Last April the Five Eyes intelligence sharing nations agreed not to use technology from the Chinese technology firm Huawei in the “sensitive” parts of their respective telecom networks. However, the British government has opted to go ahead with allowing Huawei to have access to “non-core” parts of the nation’s 5G network.

While the Chinese telecom company would be blocked from the core parts of the system, this move has caused a serious divide among the national intelligence of the United States, Canada, New Zealand and Australia.

In 2019, the United States placed trade restrictions on Huawei and blocked American companies from doing business with the Chinese firm. The U.S has said Huawei represents a major security risk due to allegations that the company has ties to the Chinese state and could be forced to spy for Beijing, something the company has strongly denied.

“We have serious concerns over Huawei’s obligations to the Chinese government and the danger that poses to the integrity of telecommunications networks in the US and elsewhere,” said Bill Evanina, head of America’s National Counterintelligence and Security Center as quoted by the BBC this week.

“Chinese company relationships with the Chinese government aren’t like private sector company relationships with governments in the West,” added Evanina.

It isn’t just the United States that has raised concerns either. The Australian and New Zealand intelligence agencies have raised red flags, while Canada is reportedly still considering.

The Five Eyes alliance was formed in 1946 among the five English-speaking nations as a way to share security information. The U.S., Australia and New Zealand all block the use of Chinese equipment from Huawei and ZTE from use in any government networks.

The UK’s relationship with Huawei dates back to the early 2000s, when British Telecom (BT) upgraded its networks and the Chinese-based firm was found to be far more affordable than rivals. While Huawei has been kept out of the core of the network, notably the sensitive systems, concerns over security have been an issue ever since.

Understanding the Importance of 5G

While many people know of 5G as simply the next generation of mobile phone networks, this technology is more than just providing faster streaming services to smartphones.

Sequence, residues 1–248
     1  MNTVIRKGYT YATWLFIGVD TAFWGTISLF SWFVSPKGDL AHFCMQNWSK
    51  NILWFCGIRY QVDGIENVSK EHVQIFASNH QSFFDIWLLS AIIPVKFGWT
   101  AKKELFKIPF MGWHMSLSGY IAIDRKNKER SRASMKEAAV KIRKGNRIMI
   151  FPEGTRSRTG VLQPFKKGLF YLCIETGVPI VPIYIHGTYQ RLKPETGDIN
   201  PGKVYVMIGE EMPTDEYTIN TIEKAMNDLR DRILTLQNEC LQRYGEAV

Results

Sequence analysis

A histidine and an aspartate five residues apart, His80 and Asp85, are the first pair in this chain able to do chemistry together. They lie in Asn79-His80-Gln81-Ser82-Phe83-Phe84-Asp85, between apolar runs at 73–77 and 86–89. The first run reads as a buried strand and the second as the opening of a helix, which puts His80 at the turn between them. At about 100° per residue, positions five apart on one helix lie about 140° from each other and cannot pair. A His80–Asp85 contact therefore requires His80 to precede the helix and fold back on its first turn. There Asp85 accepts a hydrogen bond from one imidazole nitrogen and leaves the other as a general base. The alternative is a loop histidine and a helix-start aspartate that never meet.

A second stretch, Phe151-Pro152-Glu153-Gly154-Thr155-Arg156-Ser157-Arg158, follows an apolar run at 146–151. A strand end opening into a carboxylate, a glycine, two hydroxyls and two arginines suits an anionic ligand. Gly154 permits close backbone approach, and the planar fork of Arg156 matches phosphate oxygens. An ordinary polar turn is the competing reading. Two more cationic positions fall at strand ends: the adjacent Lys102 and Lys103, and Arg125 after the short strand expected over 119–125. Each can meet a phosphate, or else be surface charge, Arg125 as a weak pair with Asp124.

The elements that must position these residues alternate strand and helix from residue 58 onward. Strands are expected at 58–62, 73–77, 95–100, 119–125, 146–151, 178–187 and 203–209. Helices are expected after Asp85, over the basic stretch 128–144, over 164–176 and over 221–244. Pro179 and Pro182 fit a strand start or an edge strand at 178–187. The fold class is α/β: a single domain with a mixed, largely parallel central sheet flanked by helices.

A 5G network connection is expected to provide download speeds that are 10 times faster than what 4G offers, and the long-term goal is to interconnect people as well as remotely control machines, objects and devices. 5G could lay the groundwork for the deployment of self-driving (autonomous) cars – and many technology analysts argue that self-driving cars won’t even be possible without 5G.

More importantly 5G could have a number of potential military applications, including command and control (C2), logistics, augmented and virtual reality for training, and for intelligence, surveillance and reconnaissance (ISR).

An Alternative to Huawei

Given the importance that 5G could play in the world in the next decade, it is easy to see why some of the Eyes have serious concerns.

Even those within the British government see potential issues with the Chinese firm playing such a significant role in the deployment of Great Britain’s 5G networks. Tobias Ellwood, MP and chair of the Commons Defence Select Committee, told data analytics and consulting company GlobalData that members of the Five Eyes intelligence alliance need to work together to develop and alternative to Huawei.

“We have a China that is drafting, creating and following its own set of rules, quite aside from what are the norms of the international community, and that takes us to Huawei,” Ellwood explained in his interview with GlobalData, which will be published in the April issue of Verdict.

The problem begins at the lowest level of computer hardware.

“Just last week leaders of the U.S. Armed Forces speaking at the CSIS brought up semiconductor supply chain vulnerabilities,” explained Harry Lye, author of the report for GlobalData.

“While they were talking about developing new missiles rather than a 5G Huawei alternative, the two are an interesting comparison,” Lye told ClearanceJobs. “At the event, Secretary of the Army Ryan D. McCarthy said ‘We really don’t make those [semiconductors] in America anymore, and they’re in everything.'”

It isn’t entirely clear how exactly the Five Eyes could find an alternative, but one way would be to see what companies could step up and fill the void.

“When it comes to existing competitors to Huawei, Ericsson has said it is ahead of its competitors in terms of deployment,” added Lye.

Then perhaps a multi-national approach is needed.

“Ellwood suggested a program, modeled on the F-35, which could bring Western countries together to pool their funding to develop a sovereign 5G capability,” said Lye. “A lot of the concern around Huawei stems from whether or not the Chinese government could get access to Huawei’s information, concerns a Western alternative would not face.

“The White House is pushing for the development of an alternative to Huawei, with plans to develop a common set of standards for 5G to reduce the need for Huawei equipment,” Lye told ClearanceJobs. “In January a bill was also introduced in the Senate to set aside over a $1 billion to develop Huawei alternatives.”

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Peter Suciu is a freelance writer who covers business technology and cyber security. He currently lives in Michigan and can be reached at petersuciu@gmail.com.